One day after Facebook said it banned Louis Farrakhan, Alex Jones and other extremists in the effort to crack down on objectionable material such as hate, racism and anti-Semitism, protesters took the the streets of San Francisco to decry the social media giant's move as censorship.
Heavy police presence watched as dozens of #DemandFreeSpeech protesters and counter-protesters gathered at Civic Center Plaza in San Francisco Friday. Several prominent conservatives are scheduled to speak, including Laura Loomer, a conservative activist who was among people banned by Facebook Thursday.
"There’s no rationale, there’s no honesty to what Facebook is doing," a local organizer of the rally said. He objects to how social media platforms choose who gets censored.
Facebook said the newly banned accounts violated its policy against dangerous individuals and organizations. The company says it has always banned people or groups that proclaim a violent or hateful mission or are engaged in acts of hate or violence, regardless of political ideology.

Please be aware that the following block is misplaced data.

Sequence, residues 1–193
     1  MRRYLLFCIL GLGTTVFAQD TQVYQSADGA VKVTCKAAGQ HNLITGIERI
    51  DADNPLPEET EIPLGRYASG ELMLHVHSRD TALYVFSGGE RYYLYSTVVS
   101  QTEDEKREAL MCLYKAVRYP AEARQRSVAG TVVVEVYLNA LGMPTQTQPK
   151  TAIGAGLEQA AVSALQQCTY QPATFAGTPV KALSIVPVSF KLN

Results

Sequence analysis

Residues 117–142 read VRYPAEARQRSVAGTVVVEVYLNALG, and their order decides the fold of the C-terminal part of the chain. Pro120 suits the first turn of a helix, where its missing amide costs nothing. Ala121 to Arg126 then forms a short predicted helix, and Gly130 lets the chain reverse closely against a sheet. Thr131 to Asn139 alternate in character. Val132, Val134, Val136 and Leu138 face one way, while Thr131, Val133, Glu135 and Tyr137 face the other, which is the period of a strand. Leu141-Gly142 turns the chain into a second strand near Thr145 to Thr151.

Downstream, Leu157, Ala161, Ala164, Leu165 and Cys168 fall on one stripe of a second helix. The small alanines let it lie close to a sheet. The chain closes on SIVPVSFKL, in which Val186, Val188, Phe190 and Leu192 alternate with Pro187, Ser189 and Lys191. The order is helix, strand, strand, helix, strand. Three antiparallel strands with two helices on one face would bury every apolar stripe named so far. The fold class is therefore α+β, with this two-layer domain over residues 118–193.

It added that when it bans someone under this policy, the company said it also prohibits anyone else from praising or supporting them.
For years, social media companies have been under pressure from civil rights groups and other activists to clamp down on hate speech on their services. Following the deadly white nationalist protests in Charlottesville, South Carolina, in 2017, Google, Facebook and PayPal began banishing extremist groups and individuals who identified as or supported white supremacists.